Clarence Thomas Biography





Born: June 23, 1948
Pin Point, Georgia

American Supreme Court justice

President George Bush (1924–) named Clarence Thomas to the U.S. Supreme Court in 1991. Since joining the Court, Thomas—the second African American to serve on the court—has often voted with the more conservative justices.

Georgia childhood

Clarence Thomas was born in the tiny coastal town of Pin Point, Georgia, on June 23, 1948. As a very young boy he lived in a one-room shack with dirt floors and no plumbing. When Thomas was two years old, his father walked out on the family. As a result, at the age of seven he and his younger brother were sent to live with their grandfather, Myers Anderson, and his wife in Savannah, Georgia. Anderson, a devout Catholic and active member of the National Association for the Advancement of Colored People (NAACP), sent Thomas to a Catholic school staffed by nuns.

In remarks reported by Jet magazine, Thomas has said that he grew up speaking Gullah, a creole dialect spoken by African Americans on the coastal islands of the southeastern United States. Unlike other Supreme Court justices, he rarely asks questions from the bench during court proceedings. He has said that he developed this habit of silent listening when he was young because he found it a struggle to speak "standard

Clarence Thomas. Courtesy of the Supreme Court of the United States.
Clarence Thomas.
Courtesy of the
Supreme Court of the United States
.
English" correctly in school. Nevertheless, he was always a strong student.

In 1964 Thomas's grandfather withdrew him from the all-black religious high school he was attending and sent him to an all-white Catholic boarding school in Savannah. Despite being confronted with racism (a dislike or disrespect of a person based on his or her race), Thomas made excellent grades and played on the school's football team. Thomas's grandfather next sent him to Immaculate Conception Seminary (a place for religious education) in northwestern Missouri after his graduation from high school in 1967. Although Thomas was not the only African American student, he still was troubled by poor race relations. A racist remark he overheard about the assassination of Martin Luther King Jr. (1929–1968) caused him to decide that he would not become a priest.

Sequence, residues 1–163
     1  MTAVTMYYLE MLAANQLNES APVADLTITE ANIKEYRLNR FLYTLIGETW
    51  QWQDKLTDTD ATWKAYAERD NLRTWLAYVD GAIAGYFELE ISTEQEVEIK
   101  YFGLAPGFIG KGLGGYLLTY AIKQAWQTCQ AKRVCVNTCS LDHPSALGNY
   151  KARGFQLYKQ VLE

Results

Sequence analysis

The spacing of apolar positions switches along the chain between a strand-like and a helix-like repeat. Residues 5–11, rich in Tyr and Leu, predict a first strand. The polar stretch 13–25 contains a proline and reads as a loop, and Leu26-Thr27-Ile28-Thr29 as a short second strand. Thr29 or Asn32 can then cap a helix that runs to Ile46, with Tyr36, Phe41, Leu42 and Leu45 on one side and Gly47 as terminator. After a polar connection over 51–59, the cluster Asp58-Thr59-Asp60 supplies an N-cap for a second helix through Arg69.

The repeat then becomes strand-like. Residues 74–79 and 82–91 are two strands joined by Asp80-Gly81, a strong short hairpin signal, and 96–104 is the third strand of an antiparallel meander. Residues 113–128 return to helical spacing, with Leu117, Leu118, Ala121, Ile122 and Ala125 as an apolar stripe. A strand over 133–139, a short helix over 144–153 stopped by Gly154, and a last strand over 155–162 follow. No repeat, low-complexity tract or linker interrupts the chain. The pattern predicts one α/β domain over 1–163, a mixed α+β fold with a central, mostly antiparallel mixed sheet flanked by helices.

Turning to the law

Thomas left the seminary and enrolled at Holy Cross, a college in Worcester, Massachusetts. There he was a devoted student who also participated on the track team, did volunteer work in the community, and helped found the Black Student Union at Holy Cross. He also met Kathy Ambush, whom he married after graduating in 1971. The couple had one son, but divorced in 1984. (Thomas married his second wife, Virginia Lamp, in 1987.)

Thanks to his excellent academic record, Thomas was admitted to the law schools at Yale, Harvard, and the University of Pennsylvania. He chose Yale because of the financial support it offered him as part of its affirmative action policy to attract students from racial and ethnic minorities. At Yale he continued to do well academically, and he appeared to fit in socially as well. Yet, years later, he described his "rage" and loneliness at feeling snubbed by white people who viewed him as someone who could only attend Yale through an affirmative action program.